Monthly Archives: March 2020

31st March 2020

Please note the new address of this blog:


Dangerous buttons

Manufacturing buttons can be dangerous. Factories could be dangerous both due to the machinery used, and the flammable nature of some of the products used, especially celluloid. Many factories were multi-story, so that people could be trapped on upper floors, especially when fire doors were locked!  In 1860 a girl was killed when her dress was caught in machinery at a Sheffield button factory. In 1861 a steam boiler exploded, with one death and several injuries. In 1874 a girl got her hair caught in a machine. In 1910 three girls were burnt to death at a Birmingham celluloid button factory.  In 1912 several girls were “hurled many yards” when a boiler exploded, luckily without major injury. In 1918 twenty girls perished in a blaze at a Newark, New Jersey, button factory. In 1923 eleven lives were lost, with another eight injuries in a celluloid button factory fire in Buda-Pest. The same year a gas explosion and fire  at Wyeth, Besemeres & Co’s button and bottle-seal factory in Melbourne occurred, but without injury.

In 1951 a three storey Plastic Button factory was destroyed by fire in Melbourne, causing £15,000 damage and in 1952 the John Bowden Plastic Button Pty Ltd was burnt with £50,000 in estimated damages.

Luckily no lives were lost in this fire in Sydney:

Unfortunately, there was a further fire  there the following year with two minor injuries. A new factory was built in Willoughby, Sydney, in 1954.

An explosion and fire that started in accumulated plastic dust at the General Plastics (NZ) ltd factory in April 1965 was lucky to only cause 4 deaths and 6 injuries, as had it not occurred during a break up to 400 may have been in the area affected.



Factories were not safe from robbery, either. In 1935 safe-crackers stole £26 from O. C. Reuben & Co. in South Yarra. In 1945 an account of G. Herring’s was found to have helped himself to over £1000 worth of stock in order to start his own business.

30th March 2020

I’ve just added a new Coronet button to my card of these lovely, glossy casein buttons. Most here are circular impressed designs, some with hand=painted detailing. They also made novelty designs such as the grey leaf:

Maxart and Travalon:

Received some tubes of  mixed buttons, but only 4 still had the original button on the lid to link them to the manufacturer:




29th March 2020

Seen online:












In order clockwise from top left:   Beauclaire, Beutron, Beauclaire, Beutron and Coronet.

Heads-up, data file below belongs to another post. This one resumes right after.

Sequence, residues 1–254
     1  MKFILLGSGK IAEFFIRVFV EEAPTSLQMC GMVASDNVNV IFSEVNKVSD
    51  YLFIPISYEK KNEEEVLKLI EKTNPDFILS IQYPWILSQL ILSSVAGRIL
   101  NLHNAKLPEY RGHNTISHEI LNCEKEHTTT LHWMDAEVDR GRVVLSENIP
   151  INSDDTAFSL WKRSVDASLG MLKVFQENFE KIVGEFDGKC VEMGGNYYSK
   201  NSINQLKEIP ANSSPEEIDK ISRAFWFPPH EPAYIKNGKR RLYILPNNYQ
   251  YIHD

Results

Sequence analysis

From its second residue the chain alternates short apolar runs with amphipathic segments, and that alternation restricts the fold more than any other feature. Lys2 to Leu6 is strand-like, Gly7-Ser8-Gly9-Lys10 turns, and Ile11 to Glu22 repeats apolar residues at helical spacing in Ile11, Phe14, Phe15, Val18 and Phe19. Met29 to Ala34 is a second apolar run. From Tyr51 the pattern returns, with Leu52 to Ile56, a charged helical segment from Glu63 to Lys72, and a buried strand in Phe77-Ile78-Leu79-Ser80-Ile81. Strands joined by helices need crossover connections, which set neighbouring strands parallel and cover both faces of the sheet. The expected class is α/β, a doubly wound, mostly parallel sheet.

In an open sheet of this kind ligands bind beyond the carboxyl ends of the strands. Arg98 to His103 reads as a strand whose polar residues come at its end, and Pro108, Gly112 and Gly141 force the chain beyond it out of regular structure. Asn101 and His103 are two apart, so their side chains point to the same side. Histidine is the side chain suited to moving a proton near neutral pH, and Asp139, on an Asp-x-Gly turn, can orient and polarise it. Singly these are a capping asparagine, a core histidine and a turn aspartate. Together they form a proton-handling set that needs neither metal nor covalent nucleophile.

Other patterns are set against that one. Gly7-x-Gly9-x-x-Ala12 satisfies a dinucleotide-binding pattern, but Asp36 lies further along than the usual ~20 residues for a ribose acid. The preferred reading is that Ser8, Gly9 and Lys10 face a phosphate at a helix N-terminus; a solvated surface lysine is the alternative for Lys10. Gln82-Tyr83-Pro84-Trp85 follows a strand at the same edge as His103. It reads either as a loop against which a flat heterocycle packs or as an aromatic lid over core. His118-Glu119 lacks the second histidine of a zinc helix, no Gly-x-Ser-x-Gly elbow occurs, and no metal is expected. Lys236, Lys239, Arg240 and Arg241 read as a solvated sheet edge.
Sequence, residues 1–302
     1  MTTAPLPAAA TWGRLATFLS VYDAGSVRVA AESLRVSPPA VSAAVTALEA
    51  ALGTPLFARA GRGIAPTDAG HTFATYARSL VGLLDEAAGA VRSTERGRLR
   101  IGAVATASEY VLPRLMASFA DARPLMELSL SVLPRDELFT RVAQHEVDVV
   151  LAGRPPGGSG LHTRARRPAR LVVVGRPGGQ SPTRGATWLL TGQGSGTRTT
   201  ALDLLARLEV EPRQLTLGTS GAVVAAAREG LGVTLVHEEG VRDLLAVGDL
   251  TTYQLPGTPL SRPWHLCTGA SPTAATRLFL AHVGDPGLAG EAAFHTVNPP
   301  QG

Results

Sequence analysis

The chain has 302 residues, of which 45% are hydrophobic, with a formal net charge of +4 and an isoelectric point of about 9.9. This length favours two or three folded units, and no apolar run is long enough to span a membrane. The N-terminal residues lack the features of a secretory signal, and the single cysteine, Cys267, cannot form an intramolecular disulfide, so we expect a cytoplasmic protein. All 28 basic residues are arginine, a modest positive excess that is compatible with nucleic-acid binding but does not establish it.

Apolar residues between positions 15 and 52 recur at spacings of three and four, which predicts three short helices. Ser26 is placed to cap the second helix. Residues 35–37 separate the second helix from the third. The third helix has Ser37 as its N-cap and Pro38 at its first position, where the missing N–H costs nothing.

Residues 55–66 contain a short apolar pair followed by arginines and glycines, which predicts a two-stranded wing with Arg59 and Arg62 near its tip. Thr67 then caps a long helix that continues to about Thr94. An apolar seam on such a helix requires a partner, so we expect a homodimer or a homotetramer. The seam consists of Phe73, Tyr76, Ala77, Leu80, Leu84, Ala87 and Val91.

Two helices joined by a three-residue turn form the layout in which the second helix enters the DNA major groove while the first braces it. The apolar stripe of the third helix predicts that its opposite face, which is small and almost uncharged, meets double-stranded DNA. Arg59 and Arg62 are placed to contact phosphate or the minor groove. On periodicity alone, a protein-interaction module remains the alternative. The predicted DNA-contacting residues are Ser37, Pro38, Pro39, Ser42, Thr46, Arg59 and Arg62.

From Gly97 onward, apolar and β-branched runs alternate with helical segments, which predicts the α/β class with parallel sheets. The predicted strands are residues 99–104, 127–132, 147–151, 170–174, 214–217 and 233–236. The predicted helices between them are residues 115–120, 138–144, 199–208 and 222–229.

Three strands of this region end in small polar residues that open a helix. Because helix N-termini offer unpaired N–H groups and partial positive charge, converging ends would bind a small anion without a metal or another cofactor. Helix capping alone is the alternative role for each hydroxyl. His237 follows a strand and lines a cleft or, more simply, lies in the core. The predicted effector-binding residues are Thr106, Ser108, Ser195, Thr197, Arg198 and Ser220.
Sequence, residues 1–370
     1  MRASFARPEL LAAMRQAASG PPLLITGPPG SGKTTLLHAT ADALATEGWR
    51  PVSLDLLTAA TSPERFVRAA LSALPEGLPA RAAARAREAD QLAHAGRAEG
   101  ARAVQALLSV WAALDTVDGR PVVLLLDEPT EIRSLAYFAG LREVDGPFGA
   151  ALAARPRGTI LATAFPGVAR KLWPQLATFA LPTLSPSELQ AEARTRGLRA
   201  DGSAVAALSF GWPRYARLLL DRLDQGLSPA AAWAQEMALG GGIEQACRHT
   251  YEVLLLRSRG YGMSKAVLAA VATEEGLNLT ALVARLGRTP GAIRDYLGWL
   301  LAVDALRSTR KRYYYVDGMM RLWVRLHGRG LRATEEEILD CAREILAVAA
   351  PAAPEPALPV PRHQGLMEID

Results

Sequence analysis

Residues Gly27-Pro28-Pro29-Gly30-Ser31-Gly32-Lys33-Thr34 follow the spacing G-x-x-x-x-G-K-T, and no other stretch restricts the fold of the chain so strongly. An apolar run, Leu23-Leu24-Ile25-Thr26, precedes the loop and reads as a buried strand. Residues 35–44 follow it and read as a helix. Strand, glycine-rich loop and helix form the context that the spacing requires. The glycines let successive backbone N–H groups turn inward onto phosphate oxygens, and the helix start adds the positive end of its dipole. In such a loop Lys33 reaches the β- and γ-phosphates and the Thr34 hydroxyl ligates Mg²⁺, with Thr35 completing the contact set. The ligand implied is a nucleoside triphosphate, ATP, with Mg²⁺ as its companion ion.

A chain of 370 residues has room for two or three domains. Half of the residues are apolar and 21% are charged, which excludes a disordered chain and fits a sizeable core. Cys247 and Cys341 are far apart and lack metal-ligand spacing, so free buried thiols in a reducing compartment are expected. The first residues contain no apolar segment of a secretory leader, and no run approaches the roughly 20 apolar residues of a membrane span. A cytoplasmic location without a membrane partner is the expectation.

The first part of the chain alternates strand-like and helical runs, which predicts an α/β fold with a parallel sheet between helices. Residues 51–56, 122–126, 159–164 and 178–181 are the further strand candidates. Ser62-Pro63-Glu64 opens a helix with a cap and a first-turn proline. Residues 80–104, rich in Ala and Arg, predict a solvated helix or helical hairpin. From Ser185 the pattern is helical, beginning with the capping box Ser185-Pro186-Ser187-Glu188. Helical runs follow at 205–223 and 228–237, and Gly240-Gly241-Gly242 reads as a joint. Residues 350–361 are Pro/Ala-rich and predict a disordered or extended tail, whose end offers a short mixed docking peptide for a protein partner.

We are all missing out usual get togethers. However, it is a perfect time to Spring clean, sort and card our buttons, or any other treasures. Consider sending a button “care pack” to your fellow collectors; even if the buttons aren’t ‘needed’, it will be a lovely surprise, and can be shared with other collectors. Check out online resources. The Victorian Button Collectors have all their old magazines online. So does the National Button Society. The British Button Society has an archives (? of its magazines, this is not stated). It may be worth a years subscription to you to access these resources.

26th March 2020

New finds:

Leda buttons.

Cygnet and Delphi buttons do not turn up often.

Probable pre 1951 General Plastics buttons.

The yellow buttons look very much like the type sold on Coronet cards. The novelty buttons are just for fun!

24th March 2020

Please note the new address of this blog:


New finds:


Sewing Buttons onto Cards:

“Carding” was very poorly paid work, often undertaken by poor women and their children. Many writers railing against sweated labour mentioned the state of these worker in Birmingham, America, and here in Australia.

The Worker, 22nd February 1912.

Daily Standard, 14th September 1914.

None the less, some were glad for the work.

Daily Herald, 27th November 1914. This is regarding workers in Britain during the war.

Some put a positive spin on the underpayment of women, but not all.

The Daily Telegraph, 10th Nov 1949.

Australian Women’s Weekly, 330th December 1964.

Published in the Tribune (Sydney), 9th August 1945.

The Sun (Sydney),  22nd February 1950.

Tribune, 26th Oct 1955.


22nd March 2020



On the “Other Pre-Federation” page ( see I mention the notorious story of the ‘Kangaroo Office’, both because of it’s link with Thomas Stokes, and as an interesting story in its own right. The Queenslander newspaper series on Numismatic History in 1895 shed more light on the story, as the author had interviewed Thomas Scaife, one of the managers of this failed mint …

One of the ‘coins’.

A Kangaroo Office token.


20th March 2020

Stokes and Martin:

Examples of the company’s work as illustrated in newspapers: Unless otherwise noted, these illustrations come from a series of articles entitled ‘A Numismatic History of Australia’ that ran in The Queenslander in 1895.

Token issued in the 1860s for use in the Atheneum Club, Melbourne.

Trade token, around 1858-1862.

Medallion of Sir Hercules Robinson, Governor of N. S. Wales dated 1877-8

Design of Medals awarded at the 1881 Melbourne International Exhibition. (Published in Illustrated Australian News 6th April 1881)

Wesleyan Methodist Jubilee 1886.

A couple of the approximately 40 Jubilee medals issued in 1887. Many of these were produced by Stokes & Martin.

“Town Hall Perth W.A.”

Ballaarat Savings Bank

Badge of the Australian Federation league. (Published in Weekly Times, 21st may 1898)

Coronation medals presented to WA children in 1911.

Western Mail, 17th June 1911.

Army Championships Victoria.

The Herald, 4th December 1913.

The Mercury, 18th January 1938.